The message in Beirut today was clear. Businesses were closed, the people furious at yesterday’s bombing which killed an anti-Syrian MP, plus four others, and injured 71 more. In the press they’re raising the spectre of another civil war amid fears that the political divisions over the presidency could lead to the creation of two rival governments.
Saad Hariri, the son of former Prime Minster Rafik al Hariri, assassinated the same way two years ago, insisted the presidency belongs to the people of Lebanon, not any particular faction. But it is members of parliament who must now choose a replacement for Syrian ally, President Emile Lahoud, and they are deeply, fatally, divided.
“This is not acceptable,” said this man. “What crime did the innocent walking on the street commit?” “I hope we will have a new president who will repair the country,” said another. “It’s not just politicians who are dying but innocent people as well.”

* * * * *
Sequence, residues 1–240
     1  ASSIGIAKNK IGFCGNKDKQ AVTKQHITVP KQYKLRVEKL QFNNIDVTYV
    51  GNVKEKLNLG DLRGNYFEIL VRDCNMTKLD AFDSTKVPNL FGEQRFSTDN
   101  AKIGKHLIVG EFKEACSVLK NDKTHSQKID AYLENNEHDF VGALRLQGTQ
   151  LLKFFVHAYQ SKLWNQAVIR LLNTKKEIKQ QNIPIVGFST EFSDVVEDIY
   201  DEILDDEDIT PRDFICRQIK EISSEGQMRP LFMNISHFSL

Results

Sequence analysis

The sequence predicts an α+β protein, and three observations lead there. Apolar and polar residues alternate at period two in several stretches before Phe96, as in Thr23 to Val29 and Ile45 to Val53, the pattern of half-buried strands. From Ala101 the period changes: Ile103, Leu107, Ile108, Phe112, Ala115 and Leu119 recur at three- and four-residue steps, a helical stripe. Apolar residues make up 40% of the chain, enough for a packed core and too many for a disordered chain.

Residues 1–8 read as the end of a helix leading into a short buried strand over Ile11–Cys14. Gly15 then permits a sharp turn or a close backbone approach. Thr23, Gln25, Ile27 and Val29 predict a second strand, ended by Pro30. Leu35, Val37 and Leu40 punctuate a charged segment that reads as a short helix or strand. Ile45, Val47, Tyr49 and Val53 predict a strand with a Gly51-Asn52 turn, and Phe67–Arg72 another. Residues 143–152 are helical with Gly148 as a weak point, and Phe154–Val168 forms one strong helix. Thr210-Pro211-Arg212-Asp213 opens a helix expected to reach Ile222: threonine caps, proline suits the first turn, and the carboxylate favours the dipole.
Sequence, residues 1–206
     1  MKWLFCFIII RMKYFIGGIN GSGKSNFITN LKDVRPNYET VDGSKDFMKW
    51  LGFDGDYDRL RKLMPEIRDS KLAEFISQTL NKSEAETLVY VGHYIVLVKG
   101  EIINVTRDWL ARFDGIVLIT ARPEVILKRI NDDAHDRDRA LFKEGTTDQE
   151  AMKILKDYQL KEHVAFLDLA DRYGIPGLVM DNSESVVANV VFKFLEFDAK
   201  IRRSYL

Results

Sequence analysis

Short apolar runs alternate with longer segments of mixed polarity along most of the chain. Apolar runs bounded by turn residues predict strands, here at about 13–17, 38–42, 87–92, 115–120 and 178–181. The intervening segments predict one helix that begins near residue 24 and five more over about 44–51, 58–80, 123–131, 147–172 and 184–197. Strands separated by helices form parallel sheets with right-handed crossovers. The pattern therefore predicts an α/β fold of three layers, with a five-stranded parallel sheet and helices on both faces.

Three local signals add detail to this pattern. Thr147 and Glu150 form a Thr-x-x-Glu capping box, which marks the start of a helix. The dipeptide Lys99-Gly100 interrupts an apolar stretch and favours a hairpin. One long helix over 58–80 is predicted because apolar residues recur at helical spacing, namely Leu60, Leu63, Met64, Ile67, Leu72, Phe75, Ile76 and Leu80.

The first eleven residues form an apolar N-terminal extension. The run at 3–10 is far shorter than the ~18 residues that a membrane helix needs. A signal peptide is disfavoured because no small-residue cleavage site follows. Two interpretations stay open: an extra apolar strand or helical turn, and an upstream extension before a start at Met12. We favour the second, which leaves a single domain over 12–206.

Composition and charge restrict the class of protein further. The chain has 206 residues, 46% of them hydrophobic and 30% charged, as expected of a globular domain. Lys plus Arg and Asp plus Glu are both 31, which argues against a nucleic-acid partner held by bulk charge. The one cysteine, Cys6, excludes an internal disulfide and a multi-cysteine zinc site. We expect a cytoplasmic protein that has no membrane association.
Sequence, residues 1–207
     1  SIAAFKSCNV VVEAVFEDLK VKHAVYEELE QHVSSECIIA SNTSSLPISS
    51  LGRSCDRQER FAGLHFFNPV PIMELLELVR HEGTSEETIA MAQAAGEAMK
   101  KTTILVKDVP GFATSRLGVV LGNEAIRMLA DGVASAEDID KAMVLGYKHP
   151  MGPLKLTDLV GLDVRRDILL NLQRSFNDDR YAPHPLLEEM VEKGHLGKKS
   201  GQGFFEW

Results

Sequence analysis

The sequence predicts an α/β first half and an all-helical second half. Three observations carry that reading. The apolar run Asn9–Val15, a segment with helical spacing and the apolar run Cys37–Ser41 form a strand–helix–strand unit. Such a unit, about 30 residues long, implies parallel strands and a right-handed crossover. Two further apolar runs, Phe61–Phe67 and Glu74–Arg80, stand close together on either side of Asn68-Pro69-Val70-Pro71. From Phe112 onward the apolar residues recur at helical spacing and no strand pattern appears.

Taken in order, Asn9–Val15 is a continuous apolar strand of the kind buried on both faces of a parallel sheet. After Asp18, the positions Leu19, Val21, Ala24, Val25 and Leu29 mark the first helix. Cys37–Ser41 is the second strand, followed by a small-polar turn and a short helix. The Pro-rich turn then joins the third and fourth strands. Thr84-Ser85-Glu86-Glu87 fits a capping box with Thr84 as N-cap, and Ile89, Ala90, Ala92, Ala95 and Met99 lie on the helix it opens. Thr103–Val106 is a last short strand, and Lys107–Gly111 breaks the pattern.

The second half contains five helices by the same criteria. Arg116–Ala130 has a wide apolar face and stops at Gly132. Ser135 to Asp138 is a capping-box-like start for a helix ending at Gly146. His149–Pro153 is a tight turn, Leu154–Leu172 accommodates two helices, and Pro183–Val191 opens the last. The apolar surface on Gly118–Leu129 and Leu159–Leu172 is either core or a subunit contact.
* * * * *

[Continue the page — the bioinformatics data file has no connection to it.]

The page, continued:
64 year-old MP Antoine Ghanem, the apparent target of yesterday’s car bomb, had only returned to Lebanon a couple of days earlier. He was the eighth anti-Syrian figure to be killed in three years. Damascus continues to deny any involvement.